Board agrees to discuss funding for reading specialist and implementation of an ELD program at LAHS


Olivia Hewang

The Mountain View–Los Altos School Board will discuss the integration of an English Language Development program at LAHS similar to the one at MVHS. Additionally, the English department at both LAHS and MVHS both supported the addition of a reading specialist.

The Mountain View–Los Altos School Board agreed to discuss the addition of a reading specialist at both Los Altos and Mountain View high schools at a board meeting on Monday, November 8. They also discussed implementation of an English Language Development (ELD) program at LAHS, per the request of the LAHS English department.

This request comes after analyzing both schools’ performance on the Standardized Testing and Reporting (Star) Renaissance test that freshmen are required to take during the first few weeks of school. The test measures reading comprehension and compares students’ reading skills relative to their grade level. This fall, 29 percent of freshmen at LAHS were found to be below grade level in terms of reading, a 4 percent increase from last fall. Over 140 freshmen have been identified as needing “intervention,” and over 80 freshmen would benefit from a reading specialist, according to English Department Coordinator Margaret Bennett.

Bennett advocated for a reading specialist at both schools, citing that students have fundamental issues with reading comprehension — those that secondary school English teachers aren’t trained to supplement. Reading specialists would pull students out for their classes for one-on-one training, and could be a resource for teachers to learn how to best support students who struggle with reading.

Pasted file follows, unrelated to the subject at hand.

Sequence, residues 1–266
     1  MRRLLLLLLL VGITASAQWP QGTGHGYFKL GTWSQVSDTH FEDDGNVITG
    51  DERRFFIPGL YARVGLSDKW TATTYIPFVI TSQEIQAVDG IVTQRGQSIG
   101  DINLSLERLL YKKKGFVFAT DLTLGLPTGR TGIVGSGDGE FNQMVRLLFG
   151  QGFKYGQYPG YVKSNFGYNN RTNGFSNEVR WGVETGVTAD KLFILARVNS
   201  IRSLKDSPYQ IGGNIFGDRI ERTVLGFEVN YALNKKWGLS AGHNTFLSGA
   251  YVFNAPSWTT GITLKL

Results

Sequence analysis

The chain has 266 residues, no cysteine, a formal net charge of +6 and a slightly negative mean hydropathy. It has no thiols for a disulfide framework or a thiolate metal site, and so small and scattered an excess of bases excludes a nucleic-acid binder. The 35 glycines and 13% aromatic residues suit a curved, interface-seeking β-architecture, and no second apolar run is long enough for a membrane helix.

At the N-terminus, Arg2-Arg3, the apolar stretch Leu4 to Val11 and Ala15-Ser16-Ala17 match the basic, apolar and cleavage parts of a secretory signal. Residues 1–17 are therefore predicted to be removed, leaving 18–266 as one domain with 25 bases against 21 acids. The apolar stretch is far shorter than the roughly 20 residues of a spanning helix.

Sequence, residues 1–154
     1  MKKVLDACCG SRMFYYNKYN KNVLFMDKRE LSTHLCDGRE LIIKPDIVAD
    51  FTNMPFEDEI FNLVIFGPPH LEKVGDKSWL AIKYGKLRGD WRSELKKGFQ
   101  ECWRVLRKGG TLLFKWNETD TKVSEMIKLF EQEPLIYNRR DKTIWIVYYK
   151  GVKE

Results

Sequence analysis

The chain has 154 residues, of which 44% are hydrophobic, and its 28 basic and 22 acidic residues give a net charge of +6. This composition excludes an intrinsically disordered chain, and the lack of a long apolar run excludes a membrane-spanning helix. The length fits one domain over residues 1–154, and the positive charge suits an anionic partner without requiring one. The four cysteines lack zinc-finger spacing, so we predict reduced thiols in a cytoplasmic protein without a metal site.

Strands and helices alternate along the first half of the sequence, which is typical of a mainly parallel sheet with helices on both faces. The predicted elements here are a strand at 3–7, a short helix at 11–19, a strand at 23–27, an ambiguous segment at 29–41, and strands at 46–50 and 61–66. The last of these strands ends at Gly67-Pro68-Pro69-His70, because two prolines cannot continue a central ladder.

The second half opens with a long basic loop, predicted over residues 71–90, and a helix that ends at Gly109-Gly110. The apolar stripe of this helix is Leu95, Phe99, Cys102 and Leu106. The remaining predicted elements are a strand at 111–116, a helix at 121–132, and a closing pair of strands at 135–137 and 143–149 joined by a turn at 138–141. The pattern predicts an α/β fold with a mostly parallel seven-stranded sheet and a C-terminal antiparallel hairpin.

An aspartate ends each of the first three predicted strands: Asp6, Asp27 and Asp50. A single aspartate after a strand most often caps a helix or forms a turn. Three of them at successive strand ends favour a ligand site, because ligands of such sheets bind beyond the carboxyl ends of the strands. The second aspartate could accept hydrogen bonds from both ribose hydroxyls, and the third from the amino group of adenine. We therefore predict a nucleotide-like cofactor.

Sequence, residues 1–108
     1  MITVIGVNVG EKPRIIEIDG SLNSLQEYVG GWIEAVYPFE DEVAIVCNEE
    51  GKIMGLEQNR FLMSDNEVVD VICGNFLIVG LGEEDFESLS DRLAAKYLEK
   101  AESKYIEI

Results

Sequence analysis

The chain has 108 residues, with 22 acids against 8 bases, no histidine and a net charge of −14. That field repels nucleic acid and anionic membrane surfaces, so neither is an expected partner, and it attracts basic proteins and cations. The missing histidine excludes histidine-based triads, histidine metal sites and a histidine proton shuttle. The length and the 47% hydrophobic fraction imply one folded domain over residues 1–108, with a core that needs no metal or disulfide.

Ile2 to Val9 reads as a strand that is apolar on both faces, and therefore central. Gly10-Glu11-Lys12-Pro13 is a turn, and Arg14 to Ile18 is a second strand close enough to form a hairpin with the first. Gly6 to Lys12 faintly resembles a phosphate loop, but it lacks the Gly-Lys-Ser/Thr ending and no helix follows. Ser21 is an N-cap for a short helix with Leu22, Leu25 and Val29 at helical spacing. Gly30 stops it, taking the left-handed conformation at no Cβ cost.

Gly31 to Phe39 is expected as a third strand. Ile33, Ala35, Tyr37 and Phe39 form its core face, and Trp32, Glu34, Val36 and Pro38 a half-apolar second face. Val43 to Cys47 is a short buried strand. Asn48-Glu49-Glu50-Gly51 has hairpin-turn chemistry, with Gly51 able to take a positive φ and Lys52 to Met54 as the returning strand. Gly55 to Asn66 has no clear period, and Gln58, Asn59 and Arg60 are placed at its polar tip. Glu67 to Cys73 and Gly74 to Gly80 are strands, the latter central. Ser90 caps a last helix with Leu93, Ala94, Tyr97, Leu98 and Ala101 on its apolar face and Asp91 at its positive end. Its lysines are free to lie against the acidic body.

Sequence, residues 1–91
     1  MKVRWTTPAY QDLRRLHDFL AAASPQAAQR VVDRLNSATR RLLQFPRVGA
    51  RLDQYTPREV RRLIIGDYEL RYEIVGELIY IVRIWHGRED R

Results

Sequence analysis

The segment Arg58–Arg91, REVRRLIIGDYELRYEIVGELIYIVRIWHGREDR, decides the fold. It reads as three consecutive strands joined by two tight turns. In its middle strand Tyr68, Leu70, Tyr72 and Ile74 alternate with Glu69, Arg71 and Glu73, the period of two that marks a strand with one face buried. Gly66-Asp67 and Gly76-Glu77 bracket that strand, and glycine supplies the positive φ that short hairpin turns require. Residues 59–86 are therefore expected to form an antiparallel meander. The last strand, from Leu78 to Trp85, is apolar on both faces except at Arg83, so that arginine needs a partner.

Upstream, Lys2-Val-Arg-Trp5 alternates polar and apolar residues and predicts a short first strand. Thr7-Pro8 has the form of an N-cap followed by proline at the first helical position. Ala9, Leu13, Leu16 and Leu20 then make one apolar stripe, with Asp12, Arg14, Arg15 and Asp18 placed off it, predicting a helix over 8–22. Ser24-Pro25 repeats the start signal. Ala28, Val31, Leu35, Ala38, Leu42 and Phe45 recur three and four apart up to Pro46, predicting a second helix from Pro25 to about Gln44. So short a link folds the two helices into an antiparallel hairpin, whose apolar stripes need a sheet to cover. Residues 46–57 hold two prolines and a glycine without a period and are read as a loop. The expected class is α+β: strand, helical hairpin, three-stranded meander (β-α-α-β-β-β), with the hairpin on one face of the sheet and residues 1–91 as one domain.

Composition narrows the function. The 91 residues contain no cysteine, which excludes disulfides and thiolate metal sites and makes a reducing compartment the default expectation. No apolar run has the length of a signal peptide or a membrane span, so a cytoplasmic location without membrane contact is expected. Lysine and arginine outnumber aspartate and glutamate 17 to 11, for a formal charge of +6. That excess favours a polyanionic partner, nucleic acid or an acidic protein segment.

“This is a school-wide issue — it impacts a student’s ability to access material in all of their classes,” Bennett said. “As reading is used in essentially every class, students who struggle greatly with reading will naturally struggle with subjects other than English.”

Bennett also pushed for the creation of a formal English Language Development (ELD) program at LAHS, one that provides additional linguistic support to students as necessary, similar to the program at MVHS. Los Altos High used to have an ELD program, but the district decided to concentrate the services at one MVHS a number of years ago. Someone who qualifies for ELD services should be at MVHS; however, this is not always the case.

“There are at least sixty-five students that would qualify for ELD services and we don’t have anything for them formally — and that’s problematic,” Bennett said. MVHS has 169 students who qualify while LAHS has 65, which is still a substantial number of students who would greatly benefit from the implementation of a formal ELD program.

The Board agreed to discuss the funding and details of having a reading specialist at each school; the topic will be discussed at future board meetings.